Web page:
The Police Don’t Mind If You Protest Racism (but don’t mention the Rule of Law)

 By Futureman

Black lives matter. I believe that wholeheartedly and I’m ashamed for anyone who finds controversy in that statement. I also see the popular response of “all lives matter” as a rhetorical lie meant to suggest that the value of black life comes at the expense of other life, particularly white life. All lives matter is a fundamentally racist response to the statement black lives matter. In fact, the only way it really makes sense is by relating it to the legacy of a master/slave relationship, as if recognizing the value of a former slave’s life is contemptible for the opportunity costs to the former master. So we shouldn’t let it go unchallenged when someone responds to Black Lives Matter with “all lives matter,” and we’d do well to educate those who’ve yet to see the light. I believe these things.
Yet I find myself frustrated with the dominate protest discourse, which frames police violence as an exclusively racist phenomenon and demands that white people surrender any conceptual value in their perspective. I’m frustrated even as I concede without hesitation that policing is, in fact, rooted in racism. My concern is that I don’t think it’s well enough acknowledged that as the US state has expressed racism less explicitly over time, systems of repression have become more inclusive. That current discourse, I contend, is at risk of fostering a critique which, by excluding perspectives on the basis of demographic, overlooks structural failures in law that are racially inclusive. For instance, while it’s clear that minority communities still bear the greatest burden, it’s no less clear that the poor of any race are not safe while the police hold guard. Below a certain income level we’re all potential inputs for the production of “justice” products, which ostensibly “keep us safe,” though it’s unclear what “safe” means in this context.
Policing is a reliable refuge for racism due to shortcomings in the Rule of Law. This is a categorical truth because if the Rule of Law were healthy, racist police would be held accountable. Of course, for white people it’s tempting to think the law’s suffered a backward slide since Civil Rights in ’64 but black folks, I expect, would be quick to point out that the law’s always been hostile to them. So, insofar as I can occupy the mind of a black person, I imagine this is why black people are so adamant about protecting the ongoing conversation from white people, because at the head of the economic pack, white people are prone to be lazy about the integrity of law. But categorically devaluing any good-faith insight risks alienating people working towards the same goal from a different place in perspective. If we’re to be successful as a movement, we need our goals covered from as many different perspectives as possible.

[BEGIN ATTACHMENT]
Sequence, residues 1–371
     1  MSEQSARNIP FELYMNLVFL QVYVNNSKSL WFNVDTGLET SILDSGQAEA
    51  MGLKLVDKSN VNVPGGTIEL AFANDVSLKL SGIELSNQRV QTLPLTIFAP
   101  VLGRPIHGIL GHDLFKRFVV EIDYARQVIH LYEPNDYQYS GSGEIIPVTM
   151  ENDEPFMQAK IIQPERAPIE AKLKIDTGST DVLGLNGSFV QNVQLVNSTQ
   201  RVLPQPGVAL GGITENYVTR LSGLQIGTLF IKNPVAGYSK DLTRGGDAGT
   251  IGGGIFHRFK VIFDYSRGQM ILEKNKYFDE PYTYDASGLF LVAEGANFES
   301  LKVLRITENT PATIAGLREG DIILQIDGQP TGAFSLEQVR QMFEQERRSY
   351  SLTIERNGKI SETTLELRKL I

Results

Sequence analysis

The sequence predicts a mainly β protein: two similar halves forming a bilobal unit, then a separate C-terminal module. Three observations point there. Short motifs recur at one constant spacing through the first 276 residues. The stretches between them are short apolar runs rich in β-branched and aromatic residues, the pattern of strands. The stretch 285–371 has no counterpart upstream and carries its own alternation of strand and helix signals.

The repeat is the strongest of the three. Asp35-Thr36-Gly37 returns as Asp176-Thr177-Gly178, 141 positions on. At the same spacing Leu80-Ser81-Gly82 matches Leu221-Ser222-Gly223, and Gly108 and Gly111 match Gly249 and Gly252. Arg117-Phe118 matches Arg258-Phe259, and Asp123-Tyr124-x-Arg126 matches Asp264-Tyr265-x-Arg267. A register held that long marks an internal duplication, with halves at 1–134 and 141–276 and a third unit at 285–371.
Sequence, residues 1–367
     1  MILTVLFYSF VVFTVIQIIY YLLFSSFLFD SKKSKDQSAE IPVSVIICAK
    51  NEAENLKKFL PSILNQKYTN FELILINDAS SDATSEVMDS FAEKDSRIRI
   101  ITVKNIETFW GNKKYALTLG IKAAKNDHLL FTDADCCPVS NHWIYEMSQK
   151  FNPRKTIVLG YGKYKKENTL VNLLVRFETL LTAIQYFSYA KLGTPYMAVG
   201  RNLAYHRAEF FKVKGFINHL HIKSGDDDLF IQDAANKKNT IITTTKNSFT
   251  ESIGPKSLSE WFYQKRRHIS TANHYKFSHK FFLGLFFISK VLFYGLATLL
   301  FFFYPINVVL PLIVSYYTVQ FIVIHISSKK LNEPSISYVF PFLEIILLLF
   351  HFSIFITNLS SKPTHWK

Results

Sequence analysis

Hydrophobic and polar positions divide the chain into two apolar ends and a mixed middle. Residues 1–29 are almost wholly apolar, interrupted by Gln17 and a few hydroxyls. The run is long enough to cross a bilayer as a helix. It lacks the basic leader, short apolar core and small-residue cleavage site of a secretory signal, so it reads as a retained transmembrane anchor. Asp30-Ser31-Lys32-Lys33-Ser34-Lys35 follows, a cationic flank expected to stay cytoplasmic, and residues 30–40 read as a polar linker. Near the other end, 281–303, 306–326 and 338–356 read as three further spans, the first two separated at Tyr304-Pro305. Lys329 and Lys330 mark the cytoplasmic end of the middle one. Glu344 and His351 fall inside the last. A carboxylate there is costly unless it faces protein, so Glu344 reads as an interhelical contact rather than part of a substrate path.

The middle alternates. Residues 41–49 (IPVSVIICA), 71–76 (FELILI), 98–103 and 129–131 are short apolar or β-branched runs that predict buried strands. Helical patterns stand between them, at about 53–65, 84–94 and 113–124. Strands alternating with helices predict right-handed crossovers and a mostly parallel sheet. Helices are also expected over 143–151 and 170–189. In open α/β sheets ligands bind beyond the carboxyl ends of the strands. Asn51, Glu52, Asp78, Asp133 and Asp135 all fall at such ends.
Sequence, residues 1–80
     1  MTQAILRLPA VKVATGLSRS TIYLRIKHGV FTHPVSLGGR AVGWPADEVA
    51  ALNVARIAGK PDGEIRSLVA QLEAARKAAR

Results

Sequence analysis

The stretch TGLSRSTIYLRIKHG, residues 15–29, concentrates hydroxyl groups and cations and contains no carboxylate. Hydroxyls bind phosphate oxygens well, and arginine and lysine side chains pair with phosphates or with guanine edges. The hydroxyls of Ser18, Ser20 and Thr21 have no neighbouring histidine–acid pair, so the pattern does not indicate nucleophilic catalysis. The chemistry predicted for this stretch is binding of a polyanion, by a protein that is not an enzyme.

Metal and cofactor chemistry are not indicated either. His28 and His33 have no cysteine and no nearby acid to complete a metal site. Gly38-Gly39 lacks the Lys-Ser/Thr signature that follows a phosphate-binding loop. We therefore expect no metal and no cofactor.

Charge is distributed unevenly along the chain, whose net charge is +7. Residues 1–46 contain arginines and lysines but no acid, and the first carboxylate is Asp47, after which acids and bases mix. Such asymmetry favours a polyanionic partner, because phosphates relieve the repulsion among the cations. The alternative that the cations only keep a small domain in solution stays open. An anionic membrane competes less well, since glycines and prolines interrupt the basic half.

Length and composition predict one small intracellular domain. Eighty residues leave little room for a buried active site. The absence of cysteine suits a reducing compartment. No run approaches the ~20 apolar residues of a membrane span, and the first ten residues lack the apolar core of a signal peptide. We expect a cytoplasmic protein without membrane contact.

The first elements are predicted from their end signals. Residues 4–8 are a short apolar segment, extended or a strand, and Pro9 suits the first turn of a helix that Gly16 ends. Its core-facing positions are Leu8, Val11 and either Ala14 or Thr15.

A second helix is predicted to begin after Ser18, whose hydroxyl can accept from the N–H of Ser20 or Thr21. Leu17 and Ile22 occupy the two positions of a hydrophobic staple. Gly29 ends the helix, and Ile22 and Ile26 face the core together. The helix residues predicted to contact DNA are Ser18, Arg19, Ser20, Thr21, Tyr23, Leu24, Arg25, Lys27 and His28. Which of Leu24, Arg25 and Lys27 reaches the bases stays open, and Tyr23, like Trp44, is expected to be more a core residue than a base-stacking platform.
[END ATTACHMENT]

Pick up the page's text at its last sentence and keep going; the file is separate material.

My great fear is that pressing a shrewd hack like Durkan on racism will allow the masters too much leeway to dictate the structure of reform. Instead of framing our discourse around the problem, we should be widely distributing actionable solutions. Durkan’s invested in All Lives Matter, whether she admits it or not, and her goal is to reduce our sledgehammer to a sheet of sandpaper. We cannot allow this to happen as our goal is not meager concession but, rather, complete transformation. Policing as we know it must end and nothing less is acceptable. We have data, we’re informed and the Truth is on our side. But to accomplish our goals we need an inclusive language that unifies perspective around specific, calculated reforms that are well articulated in a legal vernacular, so we can press hard while the fire’s still hot.  
To conclude, as we continue to press for reform, I believe it’s appropriate for me, as a white dude, to do more listening than speaking. But I still need to feel like I’d be heard and acknowledged if I had something useful to contribute. Not for the sake of my fragile ego, but for the potential of a movement to which I am an unequivocal ally. We should always greet each other under the assumption that everyone carries the right to be right, until they prove themselves unworthy. This is a passive defense against cointelpro2, which wants to subvert our cooperation and disrupt the healthy exchange of perspective, to undermine our potential and high-jack control. So instead of using the bullhorn to broadcast emotional testaments, we ought to be using it to educate and rally the crowd on specific, actionable objectives. Otherwise, how will the crowd know when it’s really won?

Original post edited for clarity

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